Summary of the AP proofs of FLT and Beal #1473 Correcting Math
Often times a summary of a proof can be as valuable as the proof itself, for it generalizes the problem and shows the bigger picture of what went on.
In that vain, let me summarize the proofs of Fermat's Last Theorem, FLT and Beal conjecture. ______________ Summary of FLT ______________
To prove FLT, all one needs to focus upon is that joining together two condensed rectangles that have a equal side in common such as
2^3 + 2^3 = 2^4 3^3 + 6^3 = 3^5
Where the common side is 2 or 4 for 8 +8= 16 And where the common side is 9 for 27+216 = 243
So the proof revolves around a concept of length confined inside a specific exponent, cannot be made equal to a condensed rectangle because the next number that shares the same length is multiplied out of reach. In the case of 2^3 + 2^3 = 2^4 if we wanted to remain in exp3 we would have to use 4^3 rather than 2^4 and 4^3 is **at minimum 2 times too large**. In the case of 3^3 + 6^3 = 3^5, if we wanted to remain in the same exp3 rather than 3^5, we would have to go to 9^3 and that is **at minimum 3 times too large** for the A+B = C.
So to prove FLT, a new concept arises that to have a A+B=C, where two condensed rectangles having equal sides as A and B and stacked to make a third new condensed rectangle C. That to obtain a C condensed rectangle where the one side matches the common side of A + B, that we need to go 2 units higher up or 3 units higher up at a minimum which thence makes the C area at least 2 times higher than needed. FLT as a theorem says that 2^3 cannot equal 4^3, or, that 3^3 cannot equal 6^3. We we are confined to the same specific exponent, we cannot match a A+B within that exponent for we have to increase the base by at least 2 or at least 3 and the exponent then enlarges the size of the C condensed rectangle that it is not equal to A+B.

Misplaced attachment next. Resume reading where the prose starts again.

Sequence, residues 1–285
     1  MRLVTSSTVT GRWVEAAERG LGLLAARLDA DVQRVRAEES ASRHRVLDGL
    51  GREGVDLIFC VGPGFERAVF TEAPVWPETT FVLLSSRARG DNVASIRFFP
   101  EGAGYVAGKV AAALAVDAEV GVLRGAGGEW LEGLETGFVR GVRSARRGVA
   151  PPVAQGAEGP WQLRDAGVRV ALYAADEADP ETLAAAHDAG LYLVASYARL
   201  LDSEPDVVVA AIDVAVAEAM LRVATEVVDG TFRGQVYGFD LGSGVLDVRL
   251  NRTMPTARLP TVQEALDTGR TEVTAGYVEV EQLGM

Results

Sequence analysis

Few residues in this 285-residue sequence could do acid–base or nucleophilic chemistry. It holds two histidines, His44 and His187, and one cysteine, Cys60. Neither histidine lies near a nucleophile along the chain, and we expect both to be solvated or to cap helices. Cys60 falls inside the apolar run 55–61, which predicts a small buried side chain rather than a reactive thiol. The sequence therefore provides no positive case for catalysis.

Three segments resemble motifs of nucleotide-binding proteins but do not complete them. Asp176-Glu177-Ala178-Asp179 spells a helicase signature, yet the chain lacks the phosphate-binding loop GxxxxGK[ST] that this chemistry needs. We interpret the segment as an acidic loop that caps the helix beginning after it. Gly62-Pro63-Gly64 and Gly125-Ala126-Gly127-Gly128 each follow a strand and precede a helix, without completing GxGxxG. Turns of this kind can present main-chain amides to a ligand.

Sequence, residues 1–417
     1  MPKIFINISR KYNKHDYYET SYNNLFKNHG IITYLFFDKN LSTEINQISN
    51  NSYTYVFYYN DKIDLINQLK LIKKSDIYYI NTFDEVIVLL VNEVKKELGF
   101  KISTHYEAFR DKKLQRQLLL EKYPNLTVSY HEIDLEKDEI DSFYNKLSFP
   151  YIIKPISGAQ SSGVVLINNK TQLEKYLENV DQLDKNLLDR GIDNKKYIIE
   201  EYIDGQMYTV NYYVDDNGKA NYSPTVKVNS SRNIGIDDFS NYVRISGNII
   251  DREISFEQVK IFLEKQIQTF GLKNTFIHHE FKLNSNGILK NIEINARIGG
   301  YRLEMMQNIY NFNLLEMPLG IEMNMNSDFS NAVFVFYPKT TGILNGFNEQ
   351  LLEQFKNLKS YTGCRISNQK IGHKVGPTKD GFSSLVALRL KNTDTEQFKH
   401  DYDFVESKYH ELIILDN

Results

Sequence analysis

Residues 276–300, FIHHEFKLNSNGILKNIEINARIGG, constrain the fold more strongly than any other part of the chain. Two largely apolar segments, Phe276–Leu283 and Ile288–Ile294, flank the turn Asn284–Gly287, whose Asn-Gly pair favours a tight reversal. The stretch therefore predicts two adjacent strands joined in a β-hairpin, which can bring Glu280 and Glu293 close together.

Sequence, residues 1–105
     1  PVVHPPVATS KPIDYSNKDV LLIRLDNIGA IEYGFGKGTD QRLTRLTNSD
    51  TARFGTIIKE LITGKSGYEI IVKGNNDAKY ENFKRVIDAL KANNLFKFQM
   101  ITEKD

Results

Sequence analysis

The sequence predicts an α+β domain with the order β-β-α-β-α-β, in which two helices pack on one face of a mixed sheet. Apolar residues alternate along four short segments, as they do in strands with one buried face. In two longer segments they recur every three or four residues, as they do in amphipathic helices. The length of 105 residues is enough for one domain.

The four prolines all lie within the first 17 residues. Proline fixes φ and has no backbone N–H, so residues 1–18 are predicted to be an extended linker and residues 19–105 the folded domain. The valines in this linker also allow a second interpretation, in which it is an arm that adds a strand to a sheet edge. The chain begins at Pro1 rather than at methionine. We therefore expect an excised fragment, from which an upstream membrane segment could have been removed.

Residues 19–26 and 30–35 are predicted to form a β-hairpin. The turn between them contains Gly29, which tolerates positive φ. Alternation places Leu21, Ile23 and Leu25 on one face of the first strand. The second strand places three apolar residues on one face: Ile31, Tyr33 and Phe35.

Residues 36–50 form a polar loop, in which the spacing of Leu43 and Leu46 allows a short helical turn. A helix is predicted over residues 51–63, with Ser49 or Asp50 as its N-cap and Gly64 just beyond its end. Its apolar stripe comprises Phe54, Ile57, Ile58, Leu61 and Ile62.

Now the summary of the proof of Beal is much easier.
____________________ Summary of Beal Proof ____________________
In Beal proof we know we have solutions. What we do not know is whether all solutions have a prime divisor of its A, B, C in A+B=C. Well, all numbers in the Beal set of numbers are decomposed into condensed rectangles, except for 1 as in 1^3 or 1^4. All numbers except 1 are composite numbers in the Beal set of numbers. That means all numbers except 1 are condensed rectangles in the Beal set of numbers.
In order for an A + B to form a third new condensed rectangle C, the A and B must share a common side, otherwise the stacking of A + B is not a rectangle. The condensed rectangle C must have a equal common side to A and B. Thus, all solutions must have a side that is equal in all three of A, B, C.
Now, someone may say that A and B has no common equal side and stack as in this diagram: HHHHHH HHHHHH HHHHHHHHH HHHHHHHHH
And where a C is of this same diagram.
But I would retort, that the above is not a rectangle and is not a multiplication of a y*z that makes a rectangle and that is begot from cofactors of a composite number. What is the area of the above 6-sided figure? And how does it relate to a number such as 27 or 216 or 243 in that of 27+216 =243?
So, what makes Beal proof true, is the fact that all composite numbers are separated into condensed rectangles that stack and if two share a common side they form a third new condensed rectangle, and the only solutions for A+B=C is a prime divisor in all three of A, B, C.
Now I likely will go through several revisions of this summary. --
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